The key to accomplishing this strategy is not by focusing on gigantic steps, but by achieving a steady stream of small efforts, which means using effective and trusted tools that are specifically designed for you as an auto repair shop owner. Fully utilizing your Google My Business (GMB) page is an efficient way to grow your business and we can tell you why you need to be using it to be competitive.
GMB is a free and completely verified online listing service that uses best practices for getting new customers in the door. Are you the type of business owner who uses an online marketing and branding strategy? If not, you should!
LEARN MORE about how to optimize your GMB page.
By Joe Marconi
Last October the doctors found a large infection and abscess in my large intestine that perforated into my abdomen. I required emergency surgery to remove the abscess; removing about six inches of my large intestine. That was step one: This past January, I needed an additional surgery to remove another 4 inches, and repair other areas of my intestines. Thankfully, I am fine, with no lasting issues. It will take about a year to fully recover, but all is well.
I am telling you this for one reason: What if something were to happen to you? Will your shop survive? What about your family? These were the things I thought about when I was laid up in the hospital.
Create a continuity plan to prepare for a crisis. Make sure you have a will and enough life insurance. Build a business where it can be run by the systems and procedures you out into place.
Lastly, ENJOY the fruits of your labor! When I woke up after the surgery with tubes inside me and in my arms, It became clear that the things we worry about in business are really not that important.
Take care of yourself !
Hope all are doing well, I have been absent for a while , life gets in the way at times. I have ask you guys questions many times and the answers have always been superb. This is not a question more like a huge decision I have to make.
My store was built in 1958 , just a square building with 4 outside bays across front with large roof system and tech shop we added 10 years ago in the back with 5 stalls and 3 lifts. I have been there since I was 15 years old and now I am 60. We have always been squeezed with our corner lot, well 2 weeks ago the business next door which has 290 feet on the highway plus a very old body shop and a very old house that is liveable came up for sale. I have a contract on the property for 250k. But dang I wish I was 50 and not 60 years old. It lays out perfect where I could add 2 more open stalls and give anoher tech 3 new stalls down the side and tons of parking, I have none. We are busting at the seams,I need the room. no parking heck I cannot get all the work out of there daily. I can get some residule income from the one house, already had 2 guys ask me about rent on it. We have just had a huge brand new county jail built 2 blocks from us, Prettiest jail I have ever seen ,LOL, anyway guys I am having a hard decision on pulling the trigger , one thing is my age second thing I assume those 5 bays will help my bottom line tremdously. As you know with that comes a few more employees, new writer and probaly 2 new techs. Maybe I am apprehensive because I have never expanded like that. Has any of you guys done this or better yet gone through it, if so tell me the good the bad and the ugle. My employees are great but I will need at least 1 writer and 2 or 3 oil/tire/ tech trainy. Techs are hard to find today , I never thought I would be stealing other techs from other stores but I guess it is the way of th world. Any advie or help would greatly be appreciated. Thanks Guys, David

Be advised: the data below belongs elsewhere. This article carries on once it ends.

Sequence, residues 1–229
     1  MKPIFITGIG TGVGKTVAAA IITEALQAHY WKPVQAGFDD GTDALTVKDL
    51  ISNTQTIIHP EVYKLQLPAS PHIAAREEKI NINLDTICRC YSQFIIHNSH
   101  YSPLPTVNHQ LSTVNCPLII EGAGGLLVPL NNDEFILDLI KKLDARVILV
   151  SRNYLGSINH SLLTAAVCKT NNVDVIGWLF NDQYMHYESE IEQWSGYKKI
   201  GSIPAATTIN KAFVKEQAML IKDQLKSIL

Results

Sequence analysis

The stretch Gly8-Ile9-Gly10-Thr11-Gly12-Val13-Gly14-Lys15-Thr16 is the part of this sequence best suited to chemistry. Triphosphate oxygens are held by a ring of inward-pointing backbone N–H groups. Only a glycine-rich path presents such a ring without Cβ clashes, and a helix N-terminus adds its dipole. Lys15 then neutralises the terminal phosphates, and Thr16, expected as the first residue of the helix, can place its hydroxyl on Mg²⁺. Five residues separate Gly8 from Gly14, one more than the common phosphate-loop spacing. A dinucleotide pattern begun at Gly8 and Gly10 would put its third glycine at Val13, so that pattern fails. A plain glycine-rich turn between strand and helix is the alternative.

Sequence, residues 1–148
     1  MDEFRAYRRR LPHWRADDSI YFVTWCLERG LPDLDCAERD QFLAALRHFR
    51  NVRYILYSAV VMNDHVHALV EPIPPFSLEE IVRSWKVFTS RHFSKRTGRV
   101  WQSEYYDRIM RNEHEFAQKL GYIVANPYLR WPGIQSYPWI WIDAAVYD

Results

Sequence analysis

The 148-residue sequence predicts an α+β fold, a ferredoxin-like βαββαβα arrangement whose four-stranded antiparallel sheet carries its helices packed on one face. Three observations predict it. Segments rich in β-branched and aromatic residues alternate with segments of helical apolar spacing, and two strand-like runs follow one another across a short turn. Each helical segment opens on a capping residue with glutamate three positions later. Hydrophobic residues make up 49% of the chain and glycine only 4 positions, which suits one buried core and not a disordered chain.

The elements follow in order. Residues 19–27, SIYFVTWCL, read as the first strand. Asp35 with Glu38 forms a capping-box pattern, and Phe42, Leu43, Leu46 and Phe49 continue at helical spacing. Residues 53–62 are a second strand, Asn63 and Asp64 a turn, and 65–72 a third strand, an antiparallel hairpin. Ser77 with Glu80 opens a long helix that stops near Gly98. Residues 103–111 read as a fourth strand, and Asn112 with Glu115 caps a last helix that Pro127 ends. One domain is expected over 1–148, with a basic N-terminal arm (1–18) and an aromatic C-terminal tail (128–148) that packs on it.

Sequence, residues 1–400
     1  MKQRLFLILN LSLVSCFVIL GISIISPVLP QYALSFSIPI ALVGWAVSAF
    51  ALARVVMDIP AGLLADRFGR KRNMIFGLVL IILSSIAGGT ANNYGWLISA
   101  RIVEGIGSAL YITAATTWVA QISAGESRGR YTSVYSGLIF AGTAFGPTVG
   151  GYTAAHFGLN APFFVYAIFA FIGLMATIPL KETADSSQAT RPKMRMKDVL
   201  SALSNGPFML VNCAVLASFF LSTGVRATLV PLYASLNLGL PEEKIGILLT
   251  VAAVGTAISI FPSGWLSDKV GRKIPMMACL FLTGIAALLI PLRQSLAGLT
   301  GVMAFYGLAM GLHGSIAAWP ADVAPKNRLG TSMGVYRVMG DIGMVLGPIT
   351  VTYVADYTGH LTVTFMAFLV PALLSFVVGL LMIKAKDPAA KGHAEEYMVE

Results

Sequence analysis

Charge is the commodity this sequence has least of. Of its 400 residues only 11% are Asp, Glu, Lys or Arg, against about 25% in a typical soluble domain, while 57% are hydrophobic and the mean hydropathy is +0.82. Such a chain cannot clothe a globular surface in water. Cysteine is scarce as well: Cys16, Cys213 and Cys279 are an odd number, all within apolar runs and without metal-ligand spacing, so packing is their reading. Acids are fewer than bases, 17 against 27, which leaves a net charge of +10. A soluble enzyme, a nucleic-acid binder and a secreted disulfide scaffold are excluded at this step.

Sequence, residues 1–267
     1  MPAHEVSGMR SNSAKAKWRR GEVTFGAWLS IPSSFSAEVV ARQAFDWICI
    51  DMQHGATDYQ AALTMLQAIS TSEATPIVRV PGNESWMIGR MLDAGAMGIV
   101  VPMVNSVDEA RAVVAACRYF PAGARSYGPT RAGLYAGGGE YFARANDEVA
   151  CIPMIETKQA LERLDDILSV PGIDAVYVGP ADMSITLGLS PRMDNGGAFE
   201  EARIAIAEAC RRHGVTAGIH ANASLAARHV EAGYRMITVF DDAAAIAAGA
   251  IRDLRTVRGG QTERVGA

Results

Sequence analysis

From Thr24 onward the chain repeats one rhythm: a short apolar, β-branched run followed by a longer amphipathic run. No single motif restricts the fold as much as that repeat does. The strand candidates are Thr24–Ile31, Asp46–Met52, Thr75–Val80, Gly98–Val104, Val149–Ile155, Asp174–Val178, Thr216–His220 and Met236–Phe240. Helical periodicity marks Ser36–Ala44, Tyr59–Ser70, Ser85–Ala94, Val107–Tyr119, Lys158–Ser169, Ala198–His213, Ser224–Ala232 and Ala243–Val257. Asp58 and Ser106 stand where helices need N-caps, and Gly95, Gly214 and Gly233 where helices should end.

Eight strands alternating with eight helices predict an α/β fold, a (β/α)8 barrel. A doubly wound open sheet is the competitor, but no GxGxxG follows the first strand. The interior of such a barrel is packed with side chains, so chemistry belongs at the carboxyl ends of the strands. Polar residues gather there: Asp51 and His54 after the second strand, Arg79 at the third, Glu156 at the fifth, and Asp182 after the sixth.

We ended Part 3 of this blog series with “Second Draw PPP Loan Application and Documentation Requirements”. As this second draw is being distributed, the rules are changing. I encourage you to check out the SBA’s website www.sba.gov or go to your local SBA office for additional information.
You may also contact me if you would prefer to have a conversation with someone outside the government. My contact information is at the bottom of this post.
Beginning Part 4, we start with expanding on this rule from the New PPP Regulations:
For Second Draw PPP Loans of $150,000 or Less, Revenue Reduction Documentation is Not Required to be Submitted at the Time the Borrow Submits an Application for a Loan:
This section is self-explanatory, but just a bit of clarification for you.
When you apply for a loan in an amount that is less than $150,000, you may disregard the required documentation mentioned in the previous blog. There is a three-letter word that causes a pause here “BUT” “Must be submitted on or before the date the borrower applies for loan forgiveness, as required under the Economic Aid Act.”
A second piece is that IF you as a borrower do not apply for loan forgiveness, you must provide this documentation to the SBA when they request it from you. So, be prepared.